“The experience had the potential of being quite intimidating. We were on a huge stage looking into a vast array of empty seats except for the seven judges and a few of the kids’ parents,” McGinnis said. “This particular group of students has played at least a dozen performances outside of the rehearsal room…and at least 20 more counting concert band, music camps, honor bands, studio recitals, and a CIF field show. All that made this moment not so wrenching.”
McGinnis explained how the OJHS Advanced Steelband decided to give the Valley’s Got Talent competition a shot. He said that Alida McKeon, a sophomore Oakdale High School band student, suggested they give it a try. McKeon was a finalist in the “Talent” competition last year with her band “Television Skies.”

“She spoke of it being a great experience, so I asked the OJHS kids if they were game and they all said, ‘Let’s go for it,’” McGinnis recalled. “After school was out we rehearsed a medley of three tunes, ‘Staying Alive,’ ‘Take on Me’ and ‘Dynamite.’ This spans four decades of life for the audience and they are all fun tunes to play.”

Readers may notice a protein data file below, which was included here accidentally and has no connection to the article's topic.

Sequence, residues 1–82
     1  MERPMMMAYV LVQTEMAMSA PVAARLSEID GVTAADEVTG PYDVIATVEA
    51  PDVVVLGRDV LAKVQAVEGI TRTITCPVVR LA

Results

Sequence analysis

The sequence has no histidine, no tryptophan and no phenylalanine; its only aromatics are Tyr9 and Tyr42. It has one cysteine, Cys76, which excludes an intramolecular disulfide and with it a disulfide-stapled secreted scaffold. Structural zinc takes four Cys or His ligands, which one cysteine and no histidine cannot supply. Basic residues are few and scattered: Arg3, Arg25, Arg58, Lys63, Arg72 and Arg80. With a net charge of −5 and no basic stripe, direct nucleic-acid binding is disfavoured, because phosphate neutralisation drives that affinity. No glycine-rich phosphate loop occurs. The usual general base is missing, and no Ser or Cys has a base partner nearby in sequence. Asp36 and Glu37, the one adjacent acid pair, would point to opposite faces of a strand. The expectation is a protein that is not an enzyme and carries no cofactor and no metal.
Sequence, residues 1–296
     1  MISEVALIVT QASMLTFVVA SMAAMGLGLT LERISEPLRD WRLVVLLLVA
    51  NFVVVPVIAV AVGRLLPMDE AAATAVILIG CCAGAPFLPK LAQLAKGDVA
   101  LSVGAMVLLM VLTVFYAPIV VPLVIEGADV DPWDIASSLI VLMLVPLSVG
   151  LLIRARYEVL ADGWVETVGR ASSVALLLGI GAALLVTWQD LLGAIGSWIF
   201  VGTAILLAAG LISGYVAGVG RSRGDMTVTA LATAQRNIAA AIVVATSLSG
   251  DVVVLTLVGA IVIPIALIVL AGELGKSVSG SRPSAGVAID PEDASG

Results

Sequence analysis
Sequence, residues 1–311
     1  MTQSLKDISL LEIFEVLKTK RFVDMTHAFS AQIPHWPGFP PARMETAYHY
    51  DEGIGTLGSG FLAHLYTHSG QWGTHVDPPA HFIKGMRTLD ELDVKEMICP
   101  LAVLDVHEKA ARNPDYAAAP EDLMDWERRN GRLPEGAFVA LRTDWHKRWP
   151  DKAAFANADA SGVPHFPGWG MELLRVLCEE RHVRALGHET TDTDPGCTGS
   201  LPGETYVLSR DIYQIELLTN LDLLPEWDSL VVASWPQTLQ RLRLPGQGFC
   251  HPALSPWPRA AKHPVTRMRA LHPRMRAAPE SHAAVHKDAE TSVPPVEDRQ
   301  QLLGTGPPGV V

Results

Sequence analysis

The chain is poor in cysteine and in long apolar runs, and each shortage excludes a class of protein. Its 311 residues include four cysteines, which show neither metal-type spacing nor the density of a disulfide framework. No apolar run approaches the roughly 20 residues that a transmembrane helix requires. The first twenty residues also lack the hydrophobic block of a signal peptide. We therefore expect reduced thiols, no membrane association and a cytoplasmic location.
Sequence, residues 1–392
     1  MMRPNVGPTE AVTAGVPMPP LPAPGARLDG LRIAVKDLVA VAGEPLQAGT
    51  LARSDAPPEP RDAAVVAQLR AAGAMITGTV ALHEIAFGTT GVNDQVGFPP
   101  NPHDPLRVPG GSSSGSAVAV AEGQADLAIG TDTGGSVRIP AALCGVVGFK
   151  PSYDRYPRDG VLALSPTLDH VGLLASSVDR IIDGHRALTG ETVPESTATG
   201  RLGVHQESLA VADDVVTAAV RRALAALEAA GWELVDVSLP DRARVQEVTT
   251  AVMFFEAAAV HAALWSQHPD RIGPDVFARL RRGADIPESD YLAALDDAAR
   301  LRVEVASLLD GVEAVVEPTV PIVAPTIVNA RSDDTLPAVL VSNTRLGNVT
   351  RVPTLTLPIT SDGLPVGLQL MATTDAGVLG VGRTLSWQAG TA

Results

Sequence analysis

He went on to give the details about the audition at the Gallo Center, which almost went sideways.
“Our logistics are fairly complicated as there are nine of us and we take up about 20 square feet,” he described. “So we waited on the loading dock with everything prepped to go then realized we forgot two steel drum stands. These stands are quite specific and we had no way of… rigging something makeshift for the audition.”

A sister of one of the band members was on her way to the Gallo Center from Oakdale with some drum stands, but even making great time, she wasn’t going to make it before the steelband started playing.

The steelband members had to get creative to come up with something for the stands. They’d asked if there were any 2x4s, duct tape and bailing wire lying around the stage area. There wasn’t, but McGinnis said the stage manager realized they needed some help and offered to hold the two drums for the audition.